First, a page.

Every Wednesday, Douglas Wolk explores the people, places and coincidences that tie disparate musicians together.
The Darkness’s long-awaited album Hot Cakes came out this week, and for all the reputation they’ve got as neo-glam-rock songwriters, one of the niftiest things on the record is a cover: their version of Radiohead’s “Street Spirit (Fade Out),” which they’ve reinterpreted as post-Van Halen metal. It turns out to be an entirely apt song for that treatment — Thom Yorke’s weightless high notes get swapped out for Justin Hawkins’ hammer-of-the-gods jockstrap-tighteners with no ill effects, as long as you’re not expecting the two “Street Spirits” to work the same way.
It’s not the first remarkable Radiohead cover by a long shot, and it raises the question of why, exactly, it is that there are so many. Radiohead are way ahead of a lot of their contemporaries in the “excellent cover” stakes — there aren’t nearly as many first-rate versions of U2 or Green Day by other artists, for instance. My guess is that there are a handful of reasons in play. One is that Radiohead’s songs are mutable: If you strip out most of their signature sounds, there’s still enough to them that you can build them up in some other way.
That’s true of what might be the first major Radiohead cover — the Pretenders’ tender version of “Creep,” which they were playing as early as 1995, the year The Bends came out. (There aren’t a lot of bands formed in the ’70s who would have played a song by a newish band in the ’90s, but Chrissie Hynde’s got very good taste.)
By the time Carrie Manolakos sang her viral-hit cabaret version of “Creep” this April, there was another way to treat it: as the standard it’s gradually become over the past twenty years, a song that’s open to a performer’s interpretation because everyone knows it already.
Another possible reason that Radiohead’s been covered as much as they have is that their songs often have a lot of subtext to them, not just lyrically but musically: There seems to be some other kind of song percolating below their surface. See, for instance, the Easy Star All-Stars’ 2006 album Radiodread, a disconcertingly convincing reggae interpretation of OK Computer in its entirety. In the Easy Stars’ hands, “Airbag” sounds like it was a reggae song to begin with (Colin Greenwood’s original bass part, it turns out, works just as well as a dub bass line). Radiodread’s highlight, though, is a version of “Let Down” with vocals by old-school reggae stars Toots & the Maytals. It’s in the tradition of late-’60s reggae covers of pop hits, complete with a slightly-off-key horn section taking over one of the song’s instrumental hooks.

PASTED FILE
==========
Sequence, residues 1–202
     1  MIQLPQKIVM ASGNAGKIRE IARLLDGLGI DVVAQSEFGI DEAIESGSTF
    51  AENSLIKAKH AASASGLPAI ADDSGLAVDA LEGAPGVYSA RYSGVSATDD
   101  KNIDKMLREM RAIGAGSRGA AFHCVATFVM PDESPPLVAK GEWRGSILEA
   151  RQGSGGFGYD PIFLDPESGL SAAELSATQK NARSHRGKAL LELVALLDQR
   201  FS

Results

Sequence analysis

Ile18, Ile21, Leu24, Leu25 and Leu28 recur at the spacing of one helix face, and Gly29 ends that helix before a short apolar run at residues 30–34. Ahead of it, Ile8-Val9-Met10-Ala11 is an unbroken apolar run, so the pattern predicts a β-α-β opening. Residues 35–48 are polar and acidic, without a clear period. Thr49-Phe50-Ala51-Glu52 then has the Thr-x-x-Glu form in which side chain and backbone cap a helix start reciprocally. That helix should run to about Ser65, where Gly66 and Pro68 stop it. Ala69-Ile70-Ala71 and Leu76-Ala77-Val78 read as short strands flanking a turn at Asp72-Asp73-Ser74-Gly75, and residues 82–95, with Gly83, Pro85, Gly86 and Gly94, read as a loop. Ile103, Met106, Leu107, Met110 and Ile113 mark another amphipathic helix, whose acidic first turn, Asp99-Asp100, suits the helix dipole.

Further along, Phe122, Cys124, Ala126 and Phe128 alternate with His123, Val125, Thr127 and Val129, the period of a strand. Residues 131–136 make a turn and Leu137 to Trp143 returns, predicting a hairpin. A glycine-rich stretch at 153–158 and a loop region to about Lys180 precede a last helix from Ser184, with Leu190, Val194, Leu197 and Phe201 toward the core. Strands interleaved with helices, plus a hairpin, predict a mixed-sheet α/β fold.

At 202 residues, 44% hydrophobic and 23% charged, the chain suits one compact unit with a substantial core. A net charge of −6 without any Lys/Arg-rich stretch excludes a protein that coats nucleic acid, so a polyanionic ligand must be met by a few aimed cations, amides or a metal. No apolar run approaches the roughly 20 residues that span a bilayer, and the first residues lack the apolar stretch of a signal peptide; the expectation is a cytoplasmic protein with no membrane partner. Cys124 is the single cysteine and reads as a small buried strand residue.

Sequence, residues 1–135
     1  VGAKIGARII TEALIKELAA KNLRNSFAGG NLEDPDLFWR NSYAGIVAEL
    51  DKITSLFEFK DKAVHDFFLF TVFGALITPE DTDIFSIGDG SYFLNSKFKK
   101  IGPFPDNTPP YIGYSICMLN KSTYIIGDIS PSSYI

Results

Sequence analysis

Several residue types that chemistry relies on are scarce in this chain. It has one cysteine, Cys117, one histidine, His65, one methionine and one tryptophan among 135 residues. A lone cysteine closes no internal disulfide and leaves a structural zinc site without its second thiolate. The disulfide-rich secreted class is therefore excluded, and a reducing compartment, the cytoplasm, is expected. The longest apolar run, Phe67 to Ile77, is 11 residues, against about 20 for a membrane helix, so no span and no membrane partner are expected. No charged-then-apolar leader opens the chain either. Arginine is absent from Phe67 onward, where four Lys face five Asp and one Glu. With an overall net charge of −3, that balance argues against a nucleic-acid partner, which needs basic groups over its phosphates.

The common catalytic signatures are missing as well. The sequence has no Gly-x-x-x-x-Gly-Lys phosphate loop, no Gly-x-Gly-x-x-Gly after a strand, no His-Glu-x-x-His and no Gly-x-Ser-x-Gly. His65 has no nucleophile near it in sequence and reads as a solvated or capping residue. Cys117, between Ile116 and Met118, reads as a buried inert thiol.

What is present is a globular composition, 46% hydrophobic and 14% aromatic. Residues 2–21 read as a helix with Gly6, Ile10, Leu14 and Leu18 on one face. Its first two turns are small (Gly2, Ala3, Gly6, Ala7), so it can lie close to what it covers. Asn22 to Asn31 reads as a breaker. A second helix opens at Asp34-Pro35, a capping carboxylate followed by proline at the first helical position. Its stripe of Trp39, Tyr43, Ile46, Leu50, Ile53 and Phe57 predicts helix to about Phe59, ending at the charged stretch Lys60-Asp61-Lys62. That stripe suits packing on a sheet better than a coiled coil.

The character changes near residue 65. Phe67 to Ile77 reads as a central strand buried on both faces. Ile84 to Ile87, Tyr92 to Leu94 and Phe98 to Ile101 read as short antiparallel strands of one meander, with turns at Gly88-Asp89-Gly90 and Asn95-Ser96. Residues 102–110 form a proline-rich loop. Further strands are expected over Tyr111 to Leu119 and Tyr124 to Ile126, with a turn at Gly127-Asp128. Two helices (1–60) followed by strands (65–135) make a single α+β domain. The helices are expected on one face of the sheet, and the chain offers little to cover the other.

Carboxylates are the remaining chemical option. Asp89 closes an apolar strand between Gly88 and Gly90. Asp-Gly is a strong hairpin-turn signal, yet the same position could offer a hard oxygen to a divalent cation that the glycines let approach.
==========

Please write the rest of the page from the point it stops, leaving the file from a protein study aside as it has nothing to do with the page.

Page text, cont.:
Full disclosure: John Darnielle of the Mountain Goats recorded this boombox cover of “No Surprises” for my old WFMU radio show in 2000. It’s an amazing piece of work — a great song completely converted from one very distinctive performer’s idiom to another’s.
Occasionally, a Radiohead cover gets over on unexpected similarities between the song’s originators and its performer. When Gnarls Barkley took on “Reckoner” on stage in 2008, they kept Radiohead’s arrangement almost completely intact. The key to their “Reckoner,” though, is that a certain range of Cee-Lo Green’s voice sometimes sounds like a souped-up version of Thom Yorke’s — a resemblance that would probably never have been evident without this cover.
Weezer’s 2011 live-in-studio “Paranoid Android” does exactly the opposite: it’s instrumentally a near-soundalike for Radiohead’s (and the band is obviously having a blast replicating the original version), but Rivers Cuomo couldn’t sing anything like anybody but himself if you threatened to take his glasses away. (Check out the way he sings “What’s thaaaaaat…” with broad American vowels!)
Another angle on interpreting Radiohead songs is that it can be interesting to remove some signature element of them. They can be a grandly dramatic band, and “Just” is one of their most pose-striking songs, with its finger-pointing refrain and climbing-up-the-octave guitar riff. (Here’s its amazing, over-the-top video.)
When producer Mark Ronson took “Just” on in 2008, he stripped the seriousness out of it: the arrangement he worked out with Phantom Planet is understated, clipped and gently funky, with that howling ascending riff handed over to the Dap-Kings’ pork-pie-hat horn section. The video for it is also a dead-on parody of Radiohead’s.
One final reason to cover Radiohead songs is as a challenge–because basically everything in their catalogue has been reinterpreted already, and some of their songs are just about entirely gestural. If there’s an uncoverable recording by them, it might be the spoken-word piece “Fitter Happier” from OK Computer. Which, of course, has now been covered many times over, including this creepy recent version by Anika and Obi Blanche.